The World Roots for Turmeric, the King of Indian Spices

The World Roots for Turmeric, the King of Indian Spices

Indonesia’s President Joko Widodo (or Jokowi as he is more commonly known) has said in a government press release that he has taken to drinking a mixture of red ginger, lemongrass, turmeric and curcuma, a type of turmeric native to Southeast Asia, three times a day since the spread of the COVID-19 virus.

“I drink the mixture instead of tea now,” Jokowi said in the statement. “I give the drinks to my guests, be it in the morning, afternoon or evening.”

One of the latest studies on the benefits of turmeric was undertaken by researchers in Indonesia in March 2020, when they examined several medicinal plant-derived compounds that may be used to inhibit the COVID-19 infection pathway. They say preliminary findings suggest that curcumin was among the most recommended compounds found in medicinal plants that may act as potential inhibitors of COVID-19 Mpro.

Turmeric or Curcuma longa is a rhizomatous herbaceous perennial plant that belongs to the ginger family, Zingiberaceae. Turmeric is a crop native to Asia, and it requires temperatures between 68°F and 86°F and a considerable amount of annual rainfall to thrive. The root of the turmeric plant, also known as rhizome, is valued for its medicinal and culinary properties (Global Turmeric Report 2019).

President Joko Widodo is not the only one who has taken to drinking the brew called Jamu. He says the demand for the brew has risen so much that the prices of red ginger, turmeric and curcuma in Indonesia have jumped five-fold.

IndoIndians, a portal for Indians in Indonesia says Jamu, Indonesia’s traditional herbal drink, is one of the most prominent alternative medicines in Indonesia. “It originated some 1,300 years ago in the Mataram Kingdom in Central Java, and is heavily influenced by Ayurveda, a system of Hindu traditional medicine.”

One of the most common versions of Jamu is Jamu Kudu Laos (Noni and Galangal Jamu) adds IndoIndians, made with the main ingredient being Mengkudu also known as Noni or Indian mulberry. Sales of Jamu juice in local markets has increased.

In Spain, Ellen Hietsch a 25 year-old Pennsylvanian says her life came to a standstill when lockdown was announced. To pass the time, she meditates, does yoga, and chats with her three American roommates. She would run up and down the building’s stairs for exercise, till her neighbours asked her to stop. Her new normal is making turmeric lattes for her roommates.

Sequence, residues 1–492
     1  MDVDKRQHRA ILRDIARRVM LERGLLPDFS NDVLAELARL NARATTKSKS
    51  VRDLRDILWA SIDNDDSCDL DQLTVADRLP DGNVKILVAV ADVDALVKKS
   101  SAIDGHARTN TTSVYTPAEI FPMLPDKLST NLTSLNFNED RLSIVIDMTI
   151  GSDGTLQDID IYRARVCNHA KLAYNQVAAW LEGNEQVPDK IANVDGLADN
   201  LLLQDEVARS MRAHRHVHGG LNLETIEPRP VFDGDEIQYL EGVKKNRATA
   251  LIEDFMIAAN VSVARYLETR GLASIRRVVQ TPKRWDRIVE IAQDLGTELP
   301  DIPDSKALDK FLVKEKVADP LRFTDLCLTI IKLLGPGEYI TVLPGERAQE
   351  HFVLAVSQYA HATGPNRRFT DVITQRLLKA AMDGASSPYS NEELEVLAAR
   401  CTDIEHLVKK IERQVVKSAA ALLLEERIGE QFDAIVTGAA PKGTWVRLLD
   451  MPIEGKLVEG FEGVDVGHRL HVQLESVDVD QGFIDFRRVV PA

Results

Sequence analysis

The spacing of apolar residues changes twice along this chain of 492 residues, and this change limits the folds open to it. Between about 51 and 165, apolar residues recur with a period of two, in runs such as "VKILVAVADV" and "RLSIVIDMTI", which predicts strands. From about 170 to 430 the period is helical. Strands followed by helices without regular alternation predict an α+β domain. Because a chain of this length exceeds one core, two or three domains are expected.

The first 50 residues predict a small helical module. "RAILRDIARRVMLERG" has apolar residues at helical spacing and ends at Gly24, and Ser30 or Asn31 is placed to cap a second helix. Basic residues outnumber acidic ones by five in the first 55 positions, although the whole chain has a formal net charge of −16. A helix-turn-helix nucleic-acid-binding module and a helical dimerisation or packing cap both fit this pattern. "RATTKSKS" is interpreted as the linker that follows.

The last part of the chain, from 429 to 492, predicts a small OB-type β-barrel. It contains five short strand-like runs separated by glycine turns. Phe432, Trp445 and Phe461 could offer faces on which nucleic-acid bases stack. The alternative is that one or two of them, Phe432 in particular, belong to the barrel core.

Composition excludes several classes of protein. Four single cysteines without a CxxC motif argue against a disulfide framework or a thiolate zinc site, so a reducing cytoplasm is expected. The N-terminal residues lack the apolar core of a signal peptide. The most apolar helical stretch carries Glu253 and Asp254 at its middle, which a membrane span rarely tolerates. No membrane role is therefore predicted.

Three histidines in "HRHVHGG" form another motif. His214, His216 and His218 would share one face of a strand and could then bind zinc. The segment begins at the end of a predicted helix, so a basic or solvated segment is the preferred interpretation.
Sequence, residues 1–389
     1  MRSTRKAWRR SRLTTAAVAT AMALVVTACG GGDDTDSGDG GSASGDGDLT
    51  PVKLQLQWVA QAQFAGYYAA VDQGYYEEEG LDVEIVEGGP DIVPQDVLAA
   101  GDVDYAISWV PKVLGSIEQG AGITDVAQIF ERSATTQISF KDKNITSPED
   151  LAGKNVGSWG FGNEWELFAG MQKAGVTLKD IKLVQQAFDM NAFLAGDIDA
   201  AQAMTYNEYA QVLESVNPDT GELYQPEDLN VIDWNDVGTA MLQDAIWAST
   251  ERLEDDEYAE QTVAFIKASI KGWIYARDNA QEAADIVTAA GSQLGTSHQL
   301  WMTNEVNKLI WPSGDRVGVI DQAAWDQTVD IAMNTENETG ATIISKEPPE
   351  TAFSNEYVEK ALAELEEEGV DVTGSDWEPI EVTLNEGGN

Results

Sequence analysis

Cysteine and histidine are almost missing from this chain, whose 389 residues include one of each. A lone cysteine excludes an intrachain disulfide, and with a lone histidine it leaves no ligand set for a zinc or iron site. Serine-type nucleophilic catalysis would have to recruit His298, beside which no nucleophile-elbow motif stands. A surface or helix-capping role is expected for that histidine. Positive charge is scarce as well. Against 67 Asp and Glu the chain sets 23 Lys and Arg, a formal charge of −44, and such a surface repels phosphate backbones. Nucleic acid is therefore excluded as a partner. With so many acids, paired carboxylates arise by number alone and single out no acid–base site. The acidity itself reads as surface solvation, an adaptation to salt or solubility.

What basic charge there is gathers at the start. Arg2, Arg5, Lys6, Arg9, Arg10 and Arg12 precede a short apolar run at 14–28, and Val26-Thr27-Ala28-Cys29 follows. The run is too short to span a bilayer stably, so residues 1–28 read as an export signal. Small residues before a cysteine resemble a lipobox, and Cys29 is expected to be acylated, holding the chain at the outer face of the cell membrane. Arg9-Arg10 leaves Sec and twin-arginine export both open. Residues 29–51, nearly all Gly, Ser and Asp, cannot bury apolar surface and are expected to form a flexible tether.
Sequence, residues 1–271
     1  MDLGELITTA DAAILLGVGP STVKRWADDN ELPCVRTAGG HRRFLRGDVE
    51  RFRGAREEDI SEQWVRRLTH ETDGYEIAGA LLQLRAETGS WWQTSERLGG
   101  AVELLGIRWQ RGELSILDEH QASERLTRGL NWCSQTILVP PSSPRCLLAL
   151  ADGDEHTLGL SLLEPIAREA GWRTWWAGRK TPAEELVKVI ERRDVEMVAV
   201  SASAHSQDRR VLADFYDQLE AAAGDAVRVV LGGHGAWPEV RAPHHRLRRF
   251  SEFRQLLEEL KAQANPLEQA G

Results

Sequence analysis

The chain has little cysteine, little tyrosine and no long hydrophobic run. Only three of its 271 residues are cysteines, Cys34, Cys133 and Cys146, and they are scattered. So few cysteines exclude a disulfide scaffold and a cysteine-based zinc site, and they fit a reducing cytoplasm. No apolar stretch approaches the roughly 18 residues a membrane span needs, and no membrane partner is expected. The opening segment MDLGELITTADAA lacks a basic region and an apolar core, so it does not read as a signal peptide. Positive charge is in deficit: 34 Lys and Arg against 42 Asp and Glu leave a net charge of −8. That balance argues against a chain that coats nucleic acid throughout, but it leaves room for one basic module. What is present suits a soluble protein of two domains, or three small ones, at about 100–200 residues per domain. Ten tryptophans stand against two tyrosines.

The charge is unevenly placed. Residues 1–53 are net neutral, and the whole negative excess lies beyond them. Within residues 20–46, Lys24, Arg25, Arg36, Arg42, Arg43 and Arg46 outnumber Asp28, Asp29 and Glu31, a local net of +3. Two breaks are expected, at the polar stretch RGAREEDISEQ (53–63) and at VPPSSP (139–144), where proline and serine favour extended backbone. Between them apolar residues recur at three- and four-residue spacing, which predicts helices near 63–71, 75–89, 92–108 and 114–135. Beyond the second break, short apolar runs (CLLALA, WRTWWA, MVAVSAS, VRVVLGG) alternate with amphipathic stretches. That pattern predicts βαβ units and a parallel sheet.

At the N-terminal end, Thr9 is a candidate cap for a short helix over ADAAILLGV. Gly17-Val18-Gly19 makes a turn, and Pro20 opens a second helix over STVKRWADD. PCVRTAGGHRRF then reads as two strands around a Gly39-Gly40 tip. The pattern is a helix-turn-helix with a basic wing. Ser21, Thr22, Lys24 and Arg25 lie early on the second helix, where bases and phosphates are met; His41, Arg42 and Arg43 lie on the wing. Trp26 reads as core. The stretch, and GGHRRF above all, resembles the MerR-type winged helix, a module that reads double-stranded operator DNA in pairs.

In Italy, Dileep Kumar a railway engineer and a resident of Bologna, where the virus turned nasty, has started taking turmeric water laced with milk and pepper on his mother’s and grandmother’s advice from India.

For some time now, Singapore’s EGA Juice Clinic is making life easy for the health conscious. Founder Sumit Nanda is an Ayurveda aficionado and is very conscious about what he fills in the bottles that people rave about.

Sumit Nanda’s tells CSP his personal favourite juice is the Natural Immune-booster Power Shot which is a potent dosage of turmeric (anti-inflammatory), lemon (metabolism), ginger (digestion), amla (anti-oxidants) on a daily basis.

“Drinking vegetable and fruit juices is an Ayurvedic practice of giving a high dosage of raw enzymes and nutrients and used to be generally given during sickness because of weak digestion. In old days, we used to work in the fields and walk in the sun. However, today all of us have weak digestion because of a sedentary lifestyle. We are mostly moving from air-conditioned homes to cars to offices and have a sitting job throughout the day. Since our digestion is generally poor, it is better to consume nutrients as juices,” says Nanda. This is even more imperative during these times of being homebound.

Drinking turmeric requires a whole new shift in thinking. How is it better than putting it in food? Says Nanda: “We all need to consume about 5-10 grams of turmeric on a daily basis, it has the best anti-inflammatory, anti-bacterial, anti-viral effect on our body.